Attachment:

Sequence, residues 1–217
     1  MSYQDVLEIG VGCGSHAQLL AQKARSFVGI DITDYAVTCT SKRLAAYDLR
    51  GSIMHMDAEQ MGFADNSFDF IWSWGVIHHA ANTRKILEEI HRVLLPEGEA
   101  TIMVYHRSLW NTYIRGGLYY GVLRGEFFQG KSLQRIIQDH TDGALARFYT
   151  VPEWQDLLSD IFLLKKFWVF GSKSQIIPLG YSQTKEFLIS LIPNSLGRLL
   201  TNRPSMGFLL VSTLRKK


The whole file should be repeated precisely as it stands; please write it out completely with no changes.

Sequence, residues 1–217
     1  MSYQDVLEIG VGCGSHAQLL AQKARSFVGI DITDYAVTCT SKRLAAYDLR
    51  GSIMHMDAEQ MGFADNSFDF IWSWGVIHHA ANTRKILEEI HRVLLPEGEA
   101  TIMVYHRSLW NTYIRGGLYY GVLRGEFFQG KSLQRIIQDH TDGALARFYT
   151  VPEWQDLLSD IFLLKKFWVF GSKSQIIPLG YSQTKEFLIS LIPNSLGRLL
   201  TNRPSMGFLL VSTLRKK